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A smell test indicates how long you might live


Dr Jayant Pinto with one of the Sniffin' Sticks used to test a patient's ability to identify scents for his research on olfactory dysfunction and aging.
Picture by Robert Kozloff/The University of Chicago

At our age, any indicator of life span is of interest of major course, so when at Laterlife we heard about new research that indicated a poor sense of smell might predict a shorter life span, we wanted to find out more.

Laterlife tracked down Dr Jayant Pinto, MD, an associate professor of surgery and a specialist in sinus and nasal diseases at the University of Chicago in America.

He has recently led a research project that has shown that in older adults, a poor sense of smell is a strong predictor of how long we will live. His research showed that people with the poorest sense of smell, who were unable to identify scents, were likely to die within five years.

The researchers said that the hazards of smell loss were “strikingly robust” and offactory dysfunction (ie lack of sense of smell) was better at predicting mortality than a diagnosis of heart failure, cancer or lung disease. The report said that only severe liver damage was a more powerful predictor of death; and for people already at high risk, lacking a sense of smell more than doubled the probability of death.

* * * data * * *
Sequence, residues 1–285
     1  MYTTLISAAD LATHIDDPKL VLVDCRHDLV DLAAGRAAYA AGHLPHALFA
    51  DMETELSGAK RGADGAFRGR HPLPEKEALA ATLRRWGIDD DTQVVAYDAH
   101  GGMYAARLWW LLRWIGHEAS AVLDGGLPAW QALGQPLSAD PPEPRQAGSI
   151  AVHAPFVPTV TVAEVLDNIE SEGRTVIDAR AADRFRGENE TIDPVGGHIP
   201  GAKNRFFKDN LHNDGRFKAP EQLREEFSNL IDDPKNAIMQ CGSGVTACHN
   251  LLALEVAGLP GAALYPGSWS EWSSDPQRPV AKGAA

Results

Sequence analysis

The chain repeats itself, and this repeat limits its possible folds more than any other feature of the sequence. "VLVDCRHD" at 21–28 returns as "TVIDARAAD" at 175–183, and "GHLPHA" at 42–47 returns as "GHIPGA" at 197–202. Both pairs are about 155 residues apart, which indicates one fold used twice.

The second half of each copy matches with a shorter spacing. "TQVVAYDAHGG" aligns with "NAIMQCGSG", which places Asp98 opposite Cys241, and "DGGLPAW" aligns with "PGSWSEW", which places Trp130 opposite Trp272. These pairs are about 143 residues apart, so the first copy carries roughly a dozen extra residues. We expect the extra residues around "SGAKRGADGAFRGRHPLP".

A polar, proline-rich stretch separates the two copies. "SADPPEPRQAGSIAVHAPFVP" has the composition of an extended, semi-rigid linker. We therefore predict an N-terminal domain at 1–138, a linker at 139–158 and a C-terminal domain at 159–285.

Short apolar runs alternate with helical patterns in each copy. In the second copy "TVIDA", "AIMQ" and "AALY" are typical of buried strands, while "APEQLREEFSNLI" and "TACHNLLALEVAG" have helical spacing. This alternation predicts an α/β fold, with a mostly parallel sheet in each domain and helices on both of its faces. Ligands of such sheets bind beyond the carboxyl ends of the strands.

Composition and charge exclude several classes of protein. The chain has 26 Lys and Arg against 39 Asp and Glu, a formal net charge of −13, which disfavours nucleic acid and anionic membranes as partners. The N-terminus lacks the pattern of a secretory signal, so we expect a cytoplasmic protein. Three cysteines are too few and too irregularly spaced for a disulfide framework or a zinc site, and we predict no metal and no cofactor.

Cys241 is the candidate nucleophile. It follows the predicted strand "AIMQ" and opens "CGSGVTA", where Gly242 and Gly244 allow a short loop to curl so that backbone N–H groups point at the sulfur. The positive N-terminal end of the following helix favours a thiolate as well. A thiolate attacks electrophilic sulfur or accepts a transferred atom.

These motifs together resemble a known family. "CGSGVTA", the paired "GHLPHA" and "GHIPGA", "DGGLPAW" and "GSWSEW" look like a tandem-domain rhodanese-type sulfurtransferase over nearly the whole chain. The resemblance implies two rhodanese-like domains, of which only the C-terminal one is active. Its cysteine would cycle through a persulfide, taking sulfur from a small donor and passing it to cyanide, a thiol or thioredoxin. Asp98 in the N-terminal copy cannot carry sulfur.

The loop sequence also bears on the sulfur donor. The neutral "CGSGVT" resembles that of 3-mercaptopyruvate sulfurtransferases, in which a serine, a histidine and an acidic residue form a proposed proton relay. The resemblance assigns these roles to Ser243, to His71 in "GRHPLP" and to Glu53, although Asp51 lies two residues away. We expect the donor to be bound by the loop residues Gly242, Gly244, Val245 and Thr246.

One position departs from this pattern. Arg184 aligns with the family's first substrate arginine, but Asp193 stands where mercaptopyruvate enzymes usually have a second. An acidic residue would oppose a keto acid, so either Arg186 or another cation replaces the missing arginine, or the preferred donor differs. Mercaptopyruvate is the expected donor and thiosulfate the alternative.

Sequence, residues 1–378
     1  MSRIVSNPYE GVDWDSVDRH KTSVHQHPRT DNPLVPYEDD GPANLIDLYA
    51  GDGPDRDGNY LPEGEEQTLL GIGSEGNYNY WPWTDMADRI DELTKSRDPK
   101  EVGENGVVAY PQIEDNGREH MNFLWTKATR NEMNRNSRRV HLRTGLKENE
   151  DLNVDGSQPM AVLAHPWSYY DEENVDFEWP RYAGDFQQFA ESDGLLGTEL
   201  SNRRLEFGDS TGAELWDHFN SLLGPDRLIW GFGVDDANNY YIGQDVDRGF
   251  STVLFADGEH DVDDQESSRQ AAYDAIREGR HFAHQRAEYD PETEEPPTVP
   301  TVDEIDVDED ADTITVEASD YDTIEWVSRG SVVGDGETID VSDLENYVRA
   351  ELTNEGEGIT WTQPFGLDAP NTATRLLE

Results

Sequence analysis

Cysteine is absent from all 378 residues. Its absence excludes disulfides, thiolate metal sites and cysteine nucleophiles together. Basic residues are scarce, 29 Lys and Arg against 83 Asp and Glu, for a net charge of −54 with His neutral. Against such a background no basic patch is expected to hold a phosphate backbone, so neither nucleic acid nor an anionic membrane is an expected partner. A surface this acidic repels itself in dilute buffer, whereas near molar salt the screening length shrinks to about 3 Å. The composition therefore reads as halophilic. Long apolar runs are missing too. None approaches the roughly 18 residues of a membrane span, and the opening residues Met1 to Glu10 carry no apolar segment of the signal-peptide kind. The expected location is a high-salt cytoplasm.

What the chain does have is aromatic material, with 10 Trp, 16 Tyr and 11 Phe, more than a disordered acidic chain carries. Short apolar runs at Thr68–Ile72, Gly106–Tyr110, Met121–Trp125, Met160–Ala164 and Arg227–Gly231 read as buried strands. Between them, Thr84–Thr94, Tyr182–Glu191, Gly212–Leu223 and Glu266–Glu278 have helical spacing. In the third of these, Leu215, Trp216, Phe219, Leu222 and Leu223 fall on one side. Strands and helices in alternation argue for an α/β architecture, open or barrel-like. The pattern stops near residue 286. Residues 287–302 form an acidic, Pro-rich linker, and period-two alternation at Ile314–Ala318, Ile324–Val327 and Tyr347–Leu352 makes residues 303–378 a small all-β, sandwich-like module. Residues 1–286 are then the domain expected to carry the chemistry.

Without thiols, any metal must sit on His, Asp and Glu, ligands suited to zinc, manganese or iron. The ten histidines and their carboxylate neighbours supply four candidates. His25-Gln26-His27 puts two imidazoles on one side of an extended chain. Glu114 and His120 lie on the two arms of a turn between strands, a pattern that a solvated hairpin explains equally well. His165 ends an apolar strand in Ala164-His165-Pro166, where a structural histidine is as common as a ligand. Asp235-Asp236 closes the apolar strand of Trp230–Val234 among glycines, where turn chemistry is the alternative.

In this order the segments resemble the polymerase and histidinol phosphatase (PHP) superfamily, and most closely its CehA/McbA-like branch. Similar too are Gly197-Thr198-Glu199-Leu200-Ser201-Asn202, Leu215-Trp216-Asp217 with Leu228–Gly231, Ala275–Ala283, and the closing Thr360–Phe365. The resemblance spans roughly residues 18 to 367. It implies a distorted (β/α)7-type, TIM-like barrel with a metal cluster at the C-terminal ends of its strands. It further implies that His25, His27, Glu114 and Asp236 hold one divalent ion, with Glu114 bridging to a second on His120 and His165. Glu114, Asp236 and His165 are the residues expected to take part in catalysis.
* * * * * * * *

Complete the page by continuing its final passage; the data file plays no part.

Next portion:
Dr Pinto said the loss of the sense of smell is like the canary in a coal mine. "It doesn't directly cause death, but it's a harbinger, an early warning that something has gone badly wrong, that damage has been done,” he said. “Our findings could provide a useful clinical test, a quick and inexpensive way to identify patients most at risk."

The study was part of an American National Social Life, Health and Aging Project and involved over 3000 men and women between the ages of 57 and 85. The research used special odour dispensing devices that resembled a felt tip pen. Each was loaded with a different aroma - peppermint, fish, orange, rose and leather.

The research group was followed up over time and the study also involved assessments of the participants age, physical and mental health and other aspects which were taken into account for the final report. Five years later, 39% of the people who had the lowest score in the smell test had died. This compared with 19% of those with medium sense of smell and just 10% of those with a normal sense of smell.

Dr Pinto said that of all the human senses, smell is the most undervalued and underappreciated - until it’s gone.

More research is to be undertaken to find out more about why a loss of sense of smell could be such a strong early warning sign but if you have experienced a definite deterioration in your sense of smell in recent years, it could be worthwhile talking to your doctor.

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